Mahershala Ali's poignant portrayal of the drug dealer Juan's love and compassion for a troubled young boy, as well as for others in his struggling Black community, made me think hard about ways i sometimes judge people as good or bad without knowing anything about the complexity of their lives. I'm going to work on changing that.

Submitted by Yogesh Sharma at: February 18, 2017
save child rights

Submitted by Sno at: February 16, 2017
It was a challenge to watch. My heart was heavy. I wondered what percentage of pit children are experiencing this additional baggage of Blackmesd?

Submitted by Harry at: February 16, 2017
So inspiring to see such a positive, encouraging commentary coming from a legendary trailblazer; one well regarded and rooted in her own space and identity yet consistently open to listen, hear and respond to the plight/issues and concerns of the "others" in our midst. Well done indeed. You ROCK Mrs. Edelman!!!

Submitted by revdaveb at: February 16, 2017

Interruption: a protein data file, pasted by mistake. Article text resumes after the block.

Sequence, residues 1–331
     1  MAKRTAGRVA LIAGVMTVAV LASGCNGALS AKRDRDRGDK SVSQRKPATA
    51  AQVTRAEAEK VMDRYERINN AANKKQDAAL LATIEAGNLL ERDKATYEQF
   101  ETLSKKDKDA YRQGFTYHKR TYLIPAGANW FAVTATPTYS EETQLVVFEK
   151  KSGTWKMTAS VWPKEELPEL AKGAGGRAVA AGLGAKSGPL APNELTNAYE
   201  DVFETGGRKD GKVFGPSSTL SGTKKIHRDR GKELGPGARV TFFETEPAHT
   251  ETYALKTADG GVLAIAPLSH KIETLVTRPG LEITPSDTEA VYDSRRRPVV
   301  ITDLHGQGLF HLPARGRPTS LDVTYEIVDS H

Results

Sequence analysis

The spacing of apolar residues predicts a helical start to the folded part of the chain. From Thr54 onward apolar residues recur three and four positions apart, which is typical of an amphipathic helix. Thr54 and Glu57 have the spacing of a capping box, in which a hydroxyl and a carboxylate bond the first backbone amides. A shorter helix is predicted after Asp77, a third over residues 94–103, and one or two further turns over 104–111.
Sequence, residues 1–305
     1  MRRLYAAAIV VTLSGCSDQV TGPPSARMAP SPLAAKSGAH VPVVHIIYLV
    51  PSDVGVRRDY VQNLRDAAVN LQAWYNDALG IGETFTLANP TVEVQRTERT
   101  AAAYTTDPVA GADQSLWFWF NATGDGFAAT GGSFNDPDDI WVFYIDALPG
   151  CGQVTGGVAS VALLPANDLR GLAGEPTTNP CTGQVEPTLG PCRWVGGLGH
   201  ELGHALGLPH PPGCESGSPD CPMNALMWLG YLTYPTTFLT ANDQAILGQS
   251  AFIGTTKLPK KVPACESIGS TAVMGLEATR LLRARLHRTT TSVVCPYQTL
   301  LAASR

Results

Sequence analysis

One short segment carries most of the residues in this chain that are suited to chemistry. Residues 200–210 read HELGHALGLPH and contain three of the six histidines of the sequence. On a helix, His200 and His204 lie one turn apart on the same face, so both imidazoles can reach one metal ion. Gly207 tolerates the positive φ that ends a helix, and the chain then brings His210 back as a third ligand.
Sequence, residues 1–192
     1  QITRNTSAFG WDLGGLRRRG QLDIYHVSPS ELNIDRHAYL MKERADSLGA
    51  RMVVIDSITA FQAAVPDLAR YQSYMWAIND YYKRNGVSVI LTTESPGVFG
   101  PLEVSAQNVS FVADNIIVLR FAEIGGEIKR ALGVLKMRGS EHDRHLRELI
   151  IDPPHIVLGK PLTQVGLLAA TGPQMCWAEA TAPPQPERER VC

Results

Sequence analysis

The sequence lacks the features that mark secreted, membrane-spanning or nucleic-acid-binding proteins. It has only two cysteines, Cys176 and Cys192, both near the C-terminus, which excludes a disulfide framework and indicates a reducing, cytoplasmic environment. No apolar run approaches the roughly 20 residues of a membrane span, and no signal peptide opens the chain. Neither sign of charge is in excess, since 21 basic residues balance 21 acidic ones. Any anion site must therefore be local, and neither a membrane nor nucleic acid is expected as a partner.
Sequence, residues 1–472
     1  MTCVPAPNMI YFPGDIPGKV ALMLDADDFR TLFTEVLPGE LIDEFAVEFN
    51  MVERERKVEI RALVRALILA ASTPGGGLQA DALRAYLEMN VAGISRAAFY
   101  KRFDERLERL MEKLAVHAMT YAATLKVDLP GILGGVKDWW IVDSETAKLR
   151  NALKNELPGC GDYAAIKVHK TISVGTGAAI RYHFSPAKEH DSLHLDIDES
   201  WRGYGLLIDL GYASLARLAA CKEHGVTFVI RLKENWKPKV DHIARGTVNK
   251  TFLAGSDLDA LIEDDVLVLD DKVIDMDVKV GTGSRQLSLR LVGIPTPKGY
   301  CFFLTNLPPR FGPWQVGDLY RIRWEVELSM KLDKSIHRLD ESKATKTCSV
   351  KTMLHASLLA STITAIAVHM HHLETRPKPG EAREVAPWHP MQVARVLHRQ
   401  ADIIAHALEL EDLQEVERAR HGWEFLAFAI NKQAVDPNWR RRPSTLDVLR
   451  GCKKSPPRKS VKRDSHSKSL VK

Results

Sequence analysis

So very powerful and moving. Thank you.

Submitted by Pres at: February 16, 2017
I, too, saw this movie just before the holidays. It was a very powerful and moving film. As a person who has work in and around the juvenile justice, education, and child welfare areas for close to 40 years, I have witnessed the challenges faced by children in those systems. Children who not only struggled with the myriad issues related to their development by issues related to their race, class, gender, or gender orientation. Unfortunately, in too many instances, the systems ostensibly designed to help these children, and too many of the people in those systems and their families did just the opposite. Children in this country, with its wealth, should not have to face the realities depicted in Moonlight. There is a political that both creates this problem and serves as an central obstacle in efforts to change it. Isn't it time that we start standing up for children? I believe the time is now!